Stop Peeing 'Just in Case' and Start Healing Your Pelvic Pain

Stop Peeing 'Just in Case' and Start Healing Your Pelvic Pain

You know the drill: you’re about to leave the house for a long road trip or head out for a fun night in town, and your mom’s voice rings in your head, “You have to pee just in case.” It may seem better to be safe than sorry, but is this the best strategy for your bladder health?


People with overactive bladder (OAB) often practice the ‘just in case’ peeing habit. But did you know that this habit could contribute to your OAB issues? In this article, we’ll uncover the negative effects of “just in case” peeing and provide some tips on how to retrain your bladder so you can prevent overactive bladder symptoms.


What is “Just in Case” Peeing?


“Just in case” peeing is the habit of urinating when it isn't necessary or when you don't feel a strong urge to go. It's often done as a preventive measure rather than waiting to experience an urge before using the restroom. Often, people with OAB find themselves peeing ‘just in case’ before leaving the house and sometimes even multiple times during the day.


How does it contribute to an overactive bladder?


When we practice this habit of peeing just in case all of the time, our bladder starts to get used to emptying itself before it’s full. Over time, this can lead our bladder to become sensitive and easily triggered, resulting in OAB symptoms such as frequent urination, urgent or sudden urges to pee, leaking urine, and pelvic pain.


The Negative Effects of “Just in Case” Peeing


In addition to contributing to OAB symptoms, “just in case” peeing can cause pelvic floor tension. While it might seem like this habit of frequent urination protects your bladder from possible leakage, it's putting too much strain on the muscles that control it. This can lead to pelvic pain and difficulty with bladder control.


Training your bladder not to hold in pee


Practicing “just in case” peeing all the time can train our bladder not to hold in urine as long as it should. This means your body won't be prepared when you need to hold it, like during a long flight or an important meeting. You may find yourself rushing to the restroom more often than necessary and feeling pressure in your bladder at all times.


Creating pelvic floor tension


When we pee “just in case” frequently, it puts extra strain on the pelvic floor muscles that control urination. This can lead to tension in the pelvic area, which can cause pain and discomfort. It's important to remember that your bladder needs time to fill up before it’s ready to be emptied, so waiting until you feel the urge to go and avoiding “just in case” peeing is key.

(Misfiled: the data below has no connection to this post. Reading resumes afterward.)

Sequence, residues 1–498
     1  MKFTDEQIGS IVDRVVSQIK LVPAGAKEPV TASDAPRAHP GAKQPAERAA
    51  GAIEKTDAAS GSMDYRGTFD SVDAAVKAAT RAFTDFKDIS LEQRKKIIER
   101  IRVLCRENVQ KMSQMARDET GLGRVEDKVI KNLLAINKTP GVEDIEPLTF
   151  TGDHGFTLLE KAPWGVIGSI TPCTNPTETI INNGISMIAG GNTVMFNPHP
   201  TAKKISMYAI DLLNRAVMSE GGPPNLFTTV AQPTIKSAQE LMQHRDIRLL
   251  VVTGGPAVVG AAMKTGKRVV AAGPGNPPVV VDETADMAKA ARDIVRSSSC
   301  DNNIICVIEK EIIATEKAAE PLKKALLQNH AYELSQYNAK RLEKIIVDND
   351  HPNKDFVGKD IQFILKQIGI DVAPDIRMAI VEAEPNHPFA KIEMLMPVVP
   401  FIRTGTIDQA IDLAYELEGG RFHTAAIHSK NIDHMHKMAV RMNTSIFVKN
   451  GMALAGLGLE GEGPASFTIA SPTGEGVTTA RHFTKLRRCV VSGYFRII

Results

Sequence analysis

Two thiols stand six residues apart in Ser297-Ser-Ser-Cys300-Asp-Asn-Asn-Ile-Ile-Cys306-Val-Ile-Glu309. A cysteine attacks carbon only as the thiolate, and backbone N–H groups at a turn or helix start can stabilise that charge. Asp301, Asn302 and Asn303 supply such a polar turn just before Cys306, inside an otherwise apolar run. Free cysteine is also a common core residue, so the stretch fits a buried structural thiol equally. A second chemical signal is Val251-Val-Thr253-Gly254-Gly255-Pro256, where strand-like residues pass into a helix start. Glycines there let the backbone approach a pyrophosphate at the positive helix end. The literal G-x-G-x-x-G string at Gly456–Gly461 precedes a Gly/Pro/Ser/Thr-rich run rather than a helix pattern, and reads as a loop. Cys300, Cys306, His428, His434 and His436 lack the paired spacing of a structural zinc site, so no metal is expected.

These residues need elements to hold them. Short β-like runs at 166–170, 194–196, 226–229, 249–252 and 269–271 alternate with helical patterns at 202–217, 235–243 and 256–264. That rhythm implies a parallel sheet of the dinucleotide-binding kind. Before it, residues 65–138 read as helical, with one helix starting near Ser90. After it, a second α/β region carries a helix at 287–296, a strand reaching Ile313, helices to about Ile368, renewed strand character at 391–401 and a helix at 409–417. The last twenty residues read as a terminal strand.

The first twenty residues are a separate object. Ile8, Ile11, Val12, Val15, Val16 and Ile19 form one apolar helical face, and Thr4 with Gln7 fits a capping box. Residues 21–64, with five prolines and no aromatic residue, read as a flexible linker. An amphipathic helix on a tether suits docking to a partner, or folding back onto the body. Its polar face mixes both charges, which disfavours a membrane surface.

How to Retrain Your Bladder?


Now that you know the risks of “just in case” peeing, it's time to learn how to retrain your bladder. Here are a few tips to get you started:


Wait until you feel the urge to pee:


Instead of peeing “just in case,” wait until you feel an urge before using the restroom. This will help to train your bladder to hold urine until it's time to go.


Don't pee just in case all the time:


As much as possible, try to avoid the habit of “just in case” peeing. Try to go only when you have an urge and not before leaving the house or any other time during the day.


Consider what you're eating or drinking:


If you need to pee more often than normal, consider what you've been consuming lately. Caffeine and sugary drinks can irritate your bladder and lead to more frequent urges, so try to avoid them as much as possible.


Seek support from a professional if necessary:


If you’re finding it difficult to break the habit of “just in case” peeing, consider seeking help from a healthcare professional. They can guide how best to retrain your bladder and help reduce overactive bladder symptoms.




The habit of “just in case” peeing can lead to a number of negative effects, including pelvic pain and difficulty controlling your bladder. If you find yourself doing this frequently, it's important to recognize the risks and take steps toward retraining your bladder. With the right tools and support, you can learn to manage your OAB symptoms better and take control of your pelvic health.


Dr. Nikki Cohen
Pelvic Floor Therapist in San Diego,
Services in English
Address: San Diego, California
92115 United States
Phone: +1 (818) 606-6717
Email: [email protected]